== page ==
Best sellers

 The best sellers of today are so atrocious that I have vowed to stay away from them come what may. “Self-published author” Varadharajan Ramesh recently provided the secrets of the making of a best seller as well as securing a career with that.

Anyone can write anything and make that a best seller too within a day. It’s a game among friends. You buy my book and I’ll buy yours. Let’s make a group of such people and we all become best selling writers. Simple.

Have you ever read some of those best sellers? There’s no content worth reading. Worse, there’s no grammar, let alone style. Most of these best sellers are not read by anyone at all. Why does anyone write them then?

Writing best sellers is arguably the easiest way to get some fame, a feeling of self-worth, and possibly a feeling of intellectual superiority. I wonder how many of these best-selling authors actually found any delight in writing a school composition when they were students.

I am a teacher by profession and a language teacher at that. I know how impossible it is to get 16-, 17-year-olds to write a paragraph with some genuine effort, emotions, and thought. There are exceptions, of course. I still have a whole bunch of writings presented to me like a daily naivedya every morning by a student a few years ago. Every morning when I reached the staffroom a piece of paper would be awaiting me on my table. This was from a student who had passed through much pain in her life. She transmuted all those pains into elegant lines. Today she continues to struggle with life in a professional college and has no time to write at all. Genuine writers have no time. She is one of many similar examples I know.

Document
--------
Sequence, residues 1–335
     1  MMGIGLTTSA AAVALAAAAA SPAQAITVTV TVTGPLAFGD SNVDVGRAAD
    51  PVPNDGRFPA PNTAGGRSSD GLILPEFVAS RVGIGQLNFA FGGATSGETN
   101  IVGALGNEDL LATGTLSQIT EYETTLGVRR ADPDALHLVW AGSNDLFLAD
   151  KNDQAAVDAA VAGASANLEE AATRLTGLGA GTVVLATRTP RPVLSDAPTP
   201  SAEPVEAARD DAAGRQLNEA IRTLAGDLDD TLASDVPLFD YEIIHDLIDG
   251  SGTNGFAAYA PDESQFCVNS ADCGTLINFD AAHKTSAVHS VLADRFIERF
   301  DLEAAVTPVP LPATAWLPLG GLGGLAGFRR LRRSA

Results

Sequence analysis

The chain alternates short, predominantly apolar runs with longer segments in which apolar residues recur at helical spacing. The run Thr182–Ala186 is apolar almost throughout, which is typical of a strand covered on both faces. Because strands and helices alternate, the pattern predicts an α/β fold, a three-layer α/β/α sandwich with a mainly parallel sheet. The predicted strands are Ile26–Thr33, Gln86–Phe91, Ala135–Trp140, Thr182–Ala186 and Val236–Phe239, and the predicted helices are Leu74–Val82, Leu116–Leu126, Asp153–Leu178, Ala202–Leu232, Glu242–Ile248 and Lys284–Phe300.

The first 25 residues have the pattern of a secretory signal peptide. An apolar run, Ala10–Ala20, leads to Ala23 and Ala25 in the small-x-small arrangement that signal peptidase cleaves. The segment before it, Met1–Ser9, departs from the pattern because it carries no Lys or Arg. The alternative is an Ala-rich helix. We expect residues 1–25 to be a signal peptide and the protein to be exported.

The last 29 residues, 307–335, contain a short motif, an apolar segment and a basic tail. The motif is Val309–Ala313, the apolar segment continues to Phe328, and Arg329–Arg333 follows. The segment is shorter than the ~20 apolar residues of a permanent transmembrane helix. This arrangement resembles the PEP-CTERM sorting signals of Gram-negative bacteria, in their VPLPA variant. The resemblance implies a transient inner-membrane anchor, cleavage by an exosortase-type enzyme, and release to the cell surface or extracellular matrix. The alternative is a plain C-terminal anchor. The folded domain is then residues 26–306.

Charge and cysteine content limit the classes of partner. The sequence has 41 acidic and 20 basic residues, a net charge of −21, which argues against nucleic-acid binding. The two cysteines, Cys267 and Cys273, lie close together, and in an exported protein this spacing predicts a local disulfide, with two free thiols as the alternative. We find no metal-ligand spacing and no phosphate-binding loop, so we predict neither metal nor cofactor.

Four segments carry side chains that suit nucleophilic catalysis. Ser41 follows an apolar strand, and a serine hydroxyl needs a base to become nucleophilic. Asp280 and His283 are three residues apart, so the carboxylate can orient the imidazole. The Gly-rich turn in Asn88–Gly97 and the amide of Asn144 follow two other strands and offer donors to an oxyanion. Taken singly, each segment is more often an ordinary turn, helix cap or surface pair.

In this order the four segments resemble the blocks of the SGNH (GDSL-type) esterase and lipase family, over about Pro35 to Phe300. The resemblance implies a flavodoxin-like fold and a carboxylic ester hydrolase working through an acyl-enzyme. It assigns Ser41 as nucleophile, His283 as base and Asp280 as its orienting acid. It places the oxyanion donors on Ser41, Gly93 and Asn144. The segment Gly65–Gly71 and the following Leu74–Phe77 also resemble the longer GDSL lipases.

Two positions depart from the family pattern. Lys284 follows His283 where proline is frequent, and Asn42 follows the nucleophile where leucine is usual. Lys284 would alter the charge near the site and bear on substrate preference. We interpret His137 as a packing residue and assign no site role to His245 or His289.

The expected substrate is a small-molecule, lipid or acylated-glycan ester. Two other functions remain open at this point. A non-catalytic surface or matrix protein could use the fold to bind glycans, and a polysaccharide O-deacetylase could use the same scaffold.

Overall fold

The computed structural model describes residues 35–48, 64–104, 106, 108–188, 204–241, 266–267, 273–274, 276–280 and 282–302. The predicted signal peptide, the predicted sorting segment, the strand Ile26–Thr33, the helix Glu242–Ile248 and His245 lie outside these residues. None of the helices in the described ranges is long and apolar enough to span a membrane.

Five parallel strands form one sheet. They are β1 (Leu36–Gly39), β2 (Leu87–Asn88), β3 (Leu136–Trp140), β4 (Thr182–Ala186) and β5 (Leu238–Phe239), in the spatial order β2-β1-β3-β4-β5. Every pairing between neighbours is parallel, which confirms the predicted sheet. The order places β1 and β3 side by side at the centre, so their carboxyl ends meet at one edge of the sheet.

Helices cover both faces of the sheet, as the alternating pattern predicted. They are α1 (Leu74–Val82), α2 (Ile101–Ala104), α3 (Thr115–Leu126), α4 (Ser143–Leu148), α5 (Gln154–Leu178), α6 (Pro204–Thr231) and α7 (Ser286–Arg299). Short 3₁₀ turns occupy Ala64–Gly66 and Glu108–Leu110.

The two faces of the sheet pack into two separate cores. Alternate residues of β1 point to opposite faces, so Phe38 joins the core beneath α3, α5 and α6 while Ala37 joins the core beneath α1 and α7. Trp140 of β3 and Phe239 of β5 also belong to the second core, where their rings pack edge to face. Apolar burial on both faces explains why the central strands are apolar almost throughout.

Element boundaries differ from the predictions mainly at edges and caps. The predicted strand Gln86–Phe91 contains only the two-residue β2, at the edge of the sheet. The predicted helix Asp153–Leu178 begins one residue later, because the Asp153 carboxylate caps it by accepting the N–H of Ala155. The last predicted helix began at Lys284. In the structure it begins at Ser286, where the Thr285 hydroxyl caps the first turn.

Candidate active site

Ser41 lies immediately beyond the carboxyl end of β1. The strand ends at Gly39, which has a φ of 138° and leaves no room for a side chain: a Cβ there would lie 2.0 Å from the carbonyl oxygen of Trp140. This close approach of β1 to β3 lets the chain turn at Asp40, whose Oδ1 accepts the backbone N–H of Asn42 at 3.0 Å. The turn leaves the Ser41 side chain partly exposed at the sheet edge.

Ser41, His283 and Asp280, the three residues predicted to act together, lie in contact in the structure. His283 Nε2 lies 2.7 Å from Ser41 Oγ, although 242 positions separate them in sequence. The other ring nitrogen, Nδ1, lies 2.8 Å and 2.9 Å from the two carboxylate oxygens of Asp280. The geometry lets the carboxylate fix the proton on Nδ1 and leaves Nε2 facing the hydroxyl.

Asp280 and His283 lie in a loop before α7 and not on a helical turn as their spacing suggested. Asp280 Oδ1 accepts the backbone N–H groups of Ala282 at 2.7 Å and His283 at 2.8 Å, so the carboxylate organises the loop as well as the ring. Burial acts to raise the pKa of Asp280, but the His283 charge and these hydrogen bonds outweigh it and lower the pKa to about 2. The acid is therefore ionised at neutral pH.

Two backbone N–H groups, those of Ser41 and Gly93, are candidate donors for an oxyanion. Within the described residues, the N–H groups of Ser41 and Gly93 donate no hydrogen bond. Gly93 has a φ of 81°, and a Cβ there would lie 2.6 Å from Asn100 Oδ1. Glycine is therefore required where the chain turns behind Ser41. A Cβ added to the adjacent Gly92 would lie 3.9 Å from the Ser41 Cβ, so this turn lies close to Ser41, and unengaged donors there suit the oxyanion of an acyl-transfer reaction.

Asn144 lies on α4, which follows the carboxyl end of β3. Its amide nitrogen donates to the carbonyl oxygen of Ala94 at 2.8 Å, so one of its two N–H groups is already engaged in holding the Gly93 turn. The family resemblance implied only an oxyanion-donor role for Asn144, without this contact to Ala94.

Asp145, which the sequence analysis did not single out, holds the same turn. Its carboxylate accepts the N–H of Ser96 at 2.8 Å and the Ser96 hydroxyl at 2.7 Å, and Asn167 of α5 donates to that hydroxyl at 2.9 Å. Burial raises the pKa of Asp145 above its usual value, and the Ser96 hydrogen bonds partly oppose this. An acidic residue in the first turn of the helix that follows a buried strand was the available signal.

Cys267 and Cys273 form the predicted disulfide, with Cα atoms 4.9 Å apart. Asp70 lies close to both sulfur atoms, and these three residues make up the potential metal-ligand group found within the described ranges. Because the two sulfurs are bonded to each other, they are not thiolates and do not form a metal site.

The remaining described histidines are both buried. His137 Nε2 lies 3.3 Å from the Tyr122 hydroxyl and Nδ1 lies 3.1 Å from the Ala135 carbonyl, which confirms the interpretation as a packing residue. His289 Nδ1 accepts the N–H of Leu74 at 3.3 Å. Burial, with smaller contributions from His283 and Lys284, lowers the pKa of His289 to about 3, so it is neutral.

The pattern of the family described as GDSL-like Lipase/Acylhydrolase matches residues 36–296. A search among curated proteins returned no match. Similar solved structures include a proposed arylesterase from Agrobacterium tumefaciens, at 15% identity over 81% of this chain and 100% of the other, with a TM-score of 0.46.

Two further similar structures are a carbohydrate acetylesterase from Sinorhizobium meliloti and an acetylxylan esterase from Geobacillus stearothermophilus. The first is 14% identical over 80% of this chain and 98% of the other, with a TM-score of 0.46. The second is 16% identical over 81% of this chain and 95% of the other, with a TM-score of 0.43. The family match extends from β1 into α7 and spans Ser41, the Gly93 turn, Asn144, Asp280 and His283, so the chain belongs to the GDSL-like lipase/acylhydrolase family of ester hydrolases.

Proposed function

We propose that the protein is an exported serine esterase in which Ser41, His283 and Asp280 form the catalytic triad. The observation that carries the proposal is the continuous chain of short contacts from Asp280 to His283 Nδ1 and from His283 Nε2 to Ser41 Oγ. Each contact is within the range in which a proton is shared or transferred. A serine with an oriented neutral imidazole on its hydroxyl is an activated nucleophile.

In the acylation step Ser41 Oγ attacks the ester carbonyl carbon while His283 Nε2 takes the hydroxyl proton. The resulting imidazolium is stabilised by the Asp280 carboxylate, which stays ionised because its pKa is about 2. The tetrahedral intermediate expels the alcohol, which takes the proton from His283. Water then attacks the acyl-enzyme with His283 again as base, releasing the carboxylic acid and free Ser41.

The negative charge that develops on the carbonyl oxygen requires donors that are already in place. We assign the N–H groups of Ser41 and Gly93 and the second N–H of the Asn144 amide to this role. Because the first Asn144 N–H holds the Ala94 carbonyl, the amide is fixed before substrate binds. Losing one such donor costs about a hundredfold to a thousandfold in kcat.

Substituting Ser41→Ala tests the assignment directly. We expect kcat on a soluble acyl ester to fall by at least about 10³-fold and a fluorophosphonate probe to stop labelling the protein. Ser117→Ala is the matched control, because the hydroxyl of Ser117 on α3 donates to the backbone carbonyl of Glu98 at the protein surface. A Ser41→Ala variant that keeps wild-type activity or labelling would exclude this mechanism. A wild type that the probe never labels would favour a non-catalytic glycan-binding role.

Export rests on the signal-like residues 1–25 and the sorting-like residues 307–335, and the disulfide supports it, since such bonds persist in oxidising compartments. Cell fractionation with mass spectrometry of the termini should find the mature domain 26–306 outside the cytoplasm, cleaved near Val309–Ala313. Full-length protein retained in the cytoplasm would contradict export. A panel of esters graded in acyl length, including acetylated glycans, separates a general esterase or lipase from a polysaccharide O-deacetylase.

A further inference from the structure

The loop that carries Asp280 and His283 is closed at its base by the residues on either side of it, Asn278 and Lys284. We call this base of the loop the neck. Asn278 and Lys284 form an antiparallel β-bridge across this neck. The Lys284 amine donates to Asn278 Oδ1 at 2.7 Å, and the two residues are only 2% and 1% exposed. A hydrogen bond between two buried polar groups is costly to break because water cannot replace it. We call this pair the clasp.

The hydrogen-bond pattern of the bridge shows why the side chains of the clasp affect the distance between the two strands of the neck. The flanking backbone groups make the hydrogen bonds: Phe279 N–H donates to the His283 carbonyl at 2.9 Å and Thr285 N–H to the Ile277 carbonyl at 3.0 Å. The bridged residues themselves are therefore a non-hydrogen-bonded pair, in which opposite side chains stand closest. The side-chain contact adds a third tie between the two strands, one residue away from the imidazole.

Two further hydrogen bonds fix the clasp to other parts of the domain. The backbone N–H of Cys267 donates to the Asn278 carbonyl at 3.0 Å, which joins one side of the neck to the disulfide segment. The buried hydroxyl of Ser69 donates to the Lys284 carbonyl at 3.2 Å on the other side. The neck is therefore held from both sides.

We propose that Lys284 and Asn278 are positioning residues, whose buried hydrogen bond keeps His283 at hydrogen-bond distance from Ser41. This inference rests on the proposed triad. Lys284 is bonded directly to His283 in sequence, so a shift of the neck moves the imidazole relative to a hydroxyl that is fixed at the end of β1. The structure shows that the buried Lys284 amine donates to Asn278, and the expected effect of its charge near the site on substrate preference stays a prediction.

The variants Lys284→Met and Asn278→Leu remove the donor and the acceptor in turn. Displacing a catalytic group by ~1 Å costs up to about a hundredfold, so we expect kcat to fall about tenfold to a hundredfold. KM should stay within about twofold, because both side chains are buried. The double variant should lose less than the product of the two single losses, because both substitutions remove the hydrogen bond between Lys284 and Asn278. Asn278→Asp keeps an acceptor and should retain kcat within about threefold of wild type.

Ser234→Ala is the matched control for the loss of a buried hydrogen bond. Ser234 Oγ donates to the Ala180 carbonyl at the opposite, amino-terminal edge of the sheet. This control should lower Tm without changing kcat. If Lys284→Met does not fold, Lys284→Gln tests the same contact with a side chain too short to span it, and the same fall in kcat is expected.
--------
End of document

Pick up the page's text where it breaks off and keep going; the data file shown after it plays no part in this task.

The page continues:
What one student alone wrote in about 2 years

“Behind every exquisite thing that existed, there was something tragic,” as Oscar Wilde put it. What creates today’s best sellers are farcical existences. People who were born into the lap of luxury, people who have known no hardships, people who have not even bothered to take a look at the hardships of other people, are our best-selling authors now. Those who don’t experience pain can’t ever produce any worthwhile art. Writing, like any other art, is not the raucousness of the weekend party but the subdued sigh in the jhuggi jhopri.

The sigh is likely to remain subdued in the dark alleys while real life roars on the highways.

 

The obverse side

 What prompted me to write this is Indispire’s latest edition: “When did you first realize that you can or must write? What was the subject of your first creative written work?” I wish I could remember any of that. I used to write quite a lot of stuff as a student but never dared to show any of that to any teacher or anyone at all. Even when I wrote some good essays in the language tests, particularly Malayalam, the teachers scoffed my attempts to sound poetic. It was a tough existence in those days. It was tough later too. Now, in the autumn twilight of my life, the toughness has become the normal routine. And I have learnt to smile as my voice merges into the sighs in the dark alleys.

 

Comments

  1. The more I delve into the literary world, the more disillusioned I become. There's so much of you scratch my back I'll scratch yours that we refuse to sift the wheat from the chaff. It's become such a business. Arts are also business now. So much for all the capitalism.

    ReplyDelete
    Replies
    1. Because of this problem genuinely good self-publishing writers suffer the most. They can't reach readers because readers are misled by the publicity for 'best sellers'.

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  2. This is an awesome motivating article.I am practically satisfied with your great work.You put truly extremely supportive data. Keep it up. Continue blogging. Hoping to perusing your next post Best Student

    ReplyDelete

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